The ancient Chinese conceived of two separate circulations of fluids in the body. Blood, pumped by the heart, flowed through the arteries, veins and capillaries. Ch'i, an ethereal, rarefied form of energy, was pumped by the lungs to circulate through the body in invisible tracts. The concept of this dual circulation of fluids was central to the practice of acupuncture.

  The Chinese traditionally identified twenty-eight different types of pulse, which they recognized as emanating from the pumping heart. The entire view of the body and its functioning was that of a dual circulation theory of blood (which was yin) and ch'i (which was yang). The two were interrelated. As a text dating from about the time of Christ says: 'The flow of the blood is maintained by the ch'i, and the motion of the ch'i depends on the blood; thus coursing in mutual reliance they move around.' The Yellow Emperor's Manual says: 'The function of the tract-channel system of the human body is to promote a normal passage [circulation] of the blood and the ch'i, so that the vital essentials derived from man's food can nourish the yin and yang viscera, sustain the muscles, sinews and bones, and lubricate the joints.'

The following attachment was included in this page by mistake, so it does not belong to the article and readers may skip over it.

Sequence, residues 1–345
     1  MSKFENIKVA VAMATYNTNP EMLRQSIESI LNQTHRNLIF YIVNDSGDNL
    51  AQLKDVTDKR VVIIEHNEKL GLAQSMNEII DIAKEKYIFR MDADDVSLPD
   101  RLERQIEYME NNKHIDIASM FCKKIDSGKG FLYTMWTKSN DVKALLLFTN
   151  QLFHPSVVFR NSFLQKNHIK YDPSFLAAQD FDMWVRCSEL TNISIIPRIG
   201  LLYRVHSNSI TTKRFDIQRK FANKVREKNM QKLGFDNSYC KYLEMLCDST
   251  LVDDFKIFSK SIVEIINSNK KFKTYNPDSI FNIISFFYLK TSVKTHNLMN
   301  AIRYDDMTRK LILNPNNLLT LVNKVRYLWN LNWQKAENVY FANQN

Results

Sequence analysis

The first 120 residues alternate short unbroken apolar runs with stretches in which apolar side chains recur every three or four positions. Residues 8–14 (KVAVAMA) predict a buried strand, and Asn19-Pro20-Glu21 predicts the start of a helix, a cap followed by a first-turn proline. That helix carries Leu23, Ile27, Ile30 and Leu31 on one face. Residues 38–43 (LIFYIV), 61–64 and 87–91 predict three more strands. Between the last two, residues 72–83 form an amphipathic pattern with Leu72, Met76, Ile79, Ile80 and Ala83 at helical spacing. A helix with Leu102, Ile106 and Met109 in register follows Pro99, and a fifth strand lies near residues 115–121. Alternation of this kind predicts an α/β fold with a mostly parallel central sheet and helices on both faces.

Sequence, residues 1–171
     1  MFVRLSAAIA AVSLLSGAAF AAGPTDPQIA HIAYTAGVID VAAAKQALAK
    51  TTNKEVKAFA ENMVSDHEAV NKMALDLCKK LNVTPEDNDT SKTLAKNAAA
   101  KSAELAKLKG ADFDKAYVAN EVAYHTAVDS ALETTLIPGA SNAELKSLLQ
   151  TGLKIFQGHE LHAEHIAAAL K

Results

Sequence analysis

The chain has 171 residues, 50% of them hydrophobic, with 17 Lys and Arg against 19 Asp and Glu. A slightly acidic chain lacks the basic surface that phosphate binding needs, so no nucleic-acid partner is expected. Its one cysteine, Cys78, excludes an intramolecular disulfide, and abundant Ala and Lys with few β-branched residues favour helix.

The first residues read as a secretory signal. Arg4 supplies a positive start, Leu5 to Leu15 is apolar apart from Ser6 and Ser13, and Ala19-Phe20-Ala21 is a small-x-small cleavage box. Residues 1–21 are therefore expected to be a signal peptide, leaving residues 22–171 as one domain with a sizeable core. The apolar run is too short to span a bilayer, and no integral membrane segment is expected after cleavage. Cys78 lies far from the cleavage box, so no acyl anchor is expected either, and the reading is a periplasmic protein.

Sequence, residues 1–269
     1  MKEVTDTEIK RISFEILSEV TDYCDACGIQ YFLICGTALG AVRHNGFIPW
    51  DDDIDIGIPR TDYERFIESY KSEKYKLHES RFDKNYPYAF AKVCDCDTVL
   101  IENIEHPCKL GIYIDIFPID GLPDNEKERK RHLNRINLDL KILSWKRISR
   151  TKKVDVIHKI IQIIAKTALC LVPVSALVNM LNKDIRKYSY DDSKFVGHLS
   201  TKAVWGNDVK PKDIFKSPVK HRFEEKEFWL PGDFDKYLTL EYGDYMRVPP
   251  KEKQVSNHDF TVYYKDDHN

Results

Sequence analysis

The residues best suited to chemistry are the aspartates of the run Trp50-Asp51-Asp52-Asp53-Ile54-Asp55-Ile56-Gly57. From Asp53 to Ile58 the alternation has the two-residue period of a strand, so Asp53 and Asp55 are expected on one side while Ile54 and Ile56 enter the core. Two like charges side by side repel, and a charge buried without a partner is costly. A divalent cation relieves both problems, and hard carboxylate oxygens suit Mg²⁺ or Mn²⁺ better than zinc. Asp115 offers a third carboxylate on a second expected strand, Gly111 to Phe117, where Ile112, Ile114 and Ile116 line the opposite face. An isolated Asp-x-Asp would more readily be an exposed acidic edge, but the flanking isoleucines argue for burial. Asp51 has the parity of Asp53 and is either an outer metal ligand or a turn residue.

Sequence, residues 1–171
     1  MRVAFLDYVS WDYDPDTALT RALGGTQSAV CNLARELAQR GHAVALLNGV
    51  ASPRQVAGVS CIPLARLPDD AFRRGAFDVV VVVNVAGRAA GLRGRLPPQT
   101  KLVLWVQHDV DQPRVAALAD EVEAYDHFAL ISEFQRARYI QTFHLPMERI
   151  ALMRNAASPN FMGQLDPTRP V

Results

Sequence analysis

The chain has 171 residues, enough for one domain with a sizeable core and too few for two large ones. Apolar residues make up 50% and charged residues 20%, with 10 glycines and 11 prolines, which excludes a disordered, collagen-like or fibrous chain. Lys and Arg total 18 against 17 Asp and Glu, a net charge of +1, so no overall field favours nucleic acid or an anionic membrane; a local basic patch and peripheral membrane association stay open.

The Manual also says: 'What we call the vascular system is like dykes and retaining walls forming a circle of tunnels which control the path that is traversed by blood so that it cannot escape or find anywhere to leak away.' The Chinese, always so methodical at measuring and weighing things, carried out investigations in which they removed the blood vessels from corpses, stretched them to their full length, and made measurements of the total distance traveled by the blood in one circuit. This was estimated by these measurements to be 162 feet.

  Once every twenty-four hours, the blood circulation and the ch'i circulation 'met' again in the wrist, having completed fifty blood circuits, so that the circulations coincided. The Chinese thus computed that the blood flowed 8 1 00 feet per day. During this time, 13,500 breaths were supposed to take place; this meant that the blood flowed six inches for every breath. By making all these calculations, the Chinese imagined themselves to be pinning down the phenomenon quite comfortably.

  The heart was clearly conceived of as pumping the blood. Indeed, Chinese doctors used in their classrooms an extraordinary system of bellows and bamboo tubes to pump liquid in demonstrations for their pupils, showing how the heart and blood circulation worked.

  In the calculations of the flow of the blood in the body, each circulation was estimated as taking 28.8 minutes. We know through medical research that this is too slow by sixtyfold, the true time being only thirty seconds. William Harvey had not come to any conclusion about this, speculating that the time taken might be 'half an hour ... an hour, or even ... a day'.